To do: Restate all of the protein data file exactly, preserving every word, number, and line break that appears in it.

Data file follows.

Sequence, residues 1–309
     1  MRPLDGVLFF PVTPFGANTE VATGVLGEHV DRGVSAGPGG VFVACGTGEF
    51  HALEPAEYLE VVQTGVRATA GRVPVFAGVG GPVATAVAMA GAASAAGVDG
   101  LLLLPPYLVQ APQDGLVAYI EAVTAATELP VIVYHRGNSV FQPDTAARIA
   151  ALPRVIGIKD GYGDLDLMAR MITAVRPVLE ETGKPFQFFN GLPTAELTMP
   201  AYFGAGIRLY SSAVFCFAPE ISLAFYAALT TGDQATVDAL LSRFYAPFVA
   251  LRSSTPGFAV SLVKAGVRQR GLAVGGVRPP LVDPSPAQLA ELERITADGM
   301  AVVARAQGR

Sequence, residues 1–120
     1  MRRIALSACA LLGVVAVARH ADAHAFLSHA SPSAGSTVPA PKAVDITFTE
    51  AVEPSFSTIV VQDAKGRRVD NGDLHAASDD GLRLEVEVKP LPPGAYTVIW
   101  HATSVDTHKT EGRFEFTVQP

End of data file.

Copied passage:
Sequence, residues 1–309
     1  MRPLDGVLFF PVTPFGANTE VATGVLGEHV DRGVSAGPGG VFVACGTGEF
    51  HALEPAEYLE VVQTGVRATA GRVPVFAGVG GPVATAVAMA GAASAAGVDG
   101  LLLLPPYLVQ APQDGLVAYI EAVTAATELP VIVYHRGNSV FQPDTAARIA
   151  ALPRVIGIKD GYGDLDLMAR MITAVRPVLE ETGKPFQFFN GLPTAELTMP
   201  AYFGAGIRLY SSAVFCFAPE ISLAFYAALT TGDQATVDAL LSRFYAPFVA
   251  LRSSTPGFAV SLVKAGVRQR GLAVGGVRPP LVDPSPAQLA ELERITADGM
   301  AVVARAQGR

Sequence, residues 1–120
     1  MRRIALSACA LLGVVAVARH ADAHAFLSHA SPSAGSTVPA PKAVDITFTE
    51  AVEPSFSTIV VQDAKGRRVD NGDLHAASDD GLRLEVEVKP LPPGAYTVIW
   101  HATSVDTHKT EGRFEFTVQP